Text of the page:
• the machine replaces this 0 by one then 1, moves of a box towards the line and passes again in the state e1 for a new iteration of the loop.
This process is repeated until e1 falls on one 0 (it is the 0 of the medium between the two sequences of 1)   ; at this time, the machine stops.

## Universal machines of Turing

Any machine of Turing calculates the result of a function partial on character strings made up of the characters of its alphabet. In this direction, a machine of Turing behaves like a computer with a program déterminé.
But, as Alan Turing described it, one can encoder the table of actions of a machine of Turing in the shape of a character string. One can thus try to build a machine of Turing which supposes the existence on its ribbon of a character string encodant a table of actions, followed by a character string constituting the effective data of the ribbon, and calculates the contents of the ribbon that the machine of Turing encodée would have calculé.
As Alan Turing showed it, it is possible to create such a machine of Turing and since it can simulate the behavior of any other machine of Turing, it is called “universal machine of Turing”.

Thanks to this encoding of the tables of actions in the form of character strings, it becomes in theory possible that the machines of Turing answer questions in connection with the behavior of other machines of Turing. However, the majority of these questions are indécidables, i.e. the function in question cannot be calculated by a machine of Turing.
For example, the question of knowing if a machine of Turing reaches at a time given never does not reach a stopped state or it for a particular entry, or for all the possible entries, known under the name of Problème of the stop, was shown as being indécidable by Turing. The Théorème of Rice watch that any noncommonplace property on the language accepted by a machine of Turing is indécidable.

If one widens the definition to include there the machines of Turing which simulate models of Turing-complete calculation S, and either only the machines of Turing which directly simulate other machines of Turing, a universal machine of Turing can be relatively simple, and use only some states and symbols. For example, there exists a universal machine of Turing of size 2×18 (i.e. 2 states, and 18 symbols).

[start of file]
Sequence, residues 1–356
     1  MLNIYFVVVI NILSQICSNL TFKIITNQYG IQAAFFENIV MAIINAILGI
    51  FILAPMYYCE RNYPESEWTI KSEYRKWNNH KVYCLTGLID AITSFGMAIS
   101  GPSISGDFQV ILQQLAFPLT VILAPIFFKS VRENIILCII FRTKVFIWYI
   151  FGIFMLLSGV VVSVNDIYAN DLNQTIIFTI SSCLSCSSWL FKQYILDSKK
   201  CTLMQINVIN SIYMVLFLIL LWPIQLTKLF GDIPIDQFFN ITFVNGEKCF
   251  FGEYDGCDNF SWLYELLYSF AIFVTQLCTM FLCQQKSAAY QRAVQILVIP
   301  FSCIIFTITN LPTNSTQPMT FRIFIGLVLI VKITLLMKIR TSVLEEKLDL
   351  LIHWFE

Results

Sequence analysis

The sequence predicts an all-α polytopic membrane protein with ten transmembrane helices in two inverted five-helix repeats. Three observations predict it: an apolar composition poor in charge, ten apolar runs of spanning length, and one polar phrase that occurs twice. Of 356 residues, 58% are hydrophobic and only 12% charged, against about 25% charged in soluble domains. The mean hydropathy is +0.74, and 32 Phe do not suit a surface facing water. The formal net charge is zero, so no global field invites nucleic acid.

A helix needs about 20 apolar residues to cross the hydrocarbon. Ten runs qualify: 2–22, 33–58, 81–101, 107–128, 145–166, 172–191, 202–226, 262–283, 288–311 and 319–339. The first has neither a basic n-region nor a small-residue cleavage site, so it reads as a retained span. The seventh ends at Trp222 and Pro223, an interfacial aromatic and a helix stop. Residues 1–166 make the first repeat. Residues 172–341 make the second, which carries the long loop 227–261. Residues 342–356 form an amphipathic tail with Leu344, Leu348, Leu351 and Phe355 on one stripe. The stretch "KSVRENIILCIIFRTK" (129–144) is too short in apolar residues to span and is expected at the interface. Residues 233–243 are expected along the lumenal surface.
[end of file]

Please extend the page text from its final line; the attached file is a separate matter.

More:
The smallest known universal machines of Turing have the following sizes: 2×18, 3×10, 4×6, 5×5, 7×4, 10×3, 22×2. These last simulate a model called Tag system .

A machine of Turing of size 2×3 proposed by Stephen Wolfram, was announced like the smallest universal machine of Turing. The proof is due to Alex Smith. However the concept of universality used in this proof is not the same one as that described informellement above. In particular, it requires to initially write an infinity of symbols on the ribbon to prepare calculation.

A universal machine of Turing is Turing-complete. It can calculate all recursive Fonction, analyze all recursive Langage, and accept all partially Langage décidable. According to the theorem of Church-Turing, the solvent problems by a universal machine of Turing are exactly the solvent problems by a algorithm or a concrete method of calculation , by supposing a reasonable definition of these terms.

## A real machine of Turing

It is rather easy to simulate a machine of Turing on a modern computer… Until the moment when the memory of the computer becomes possibly full (if the machine of Turing uses most of the ribbon)!

It is also possible to build a purely mechanical machine of Turing. The mathematician Karl Scherer built one in 1986 of them by using building sets out of metal and plastic, and wood. Its machine, high of one meter and half uses strings for reading, moving and to write the data (represented using rolls of the dice).

The machine is currently exposed in the hall of the department of data processing of the Université of Heidelberg in Germany.

In the same way, by using approximately 200 mirrors, it is possible to create an optical machine of Turing universal by using the method known as of the horseshoe conceived by Stephen Smale.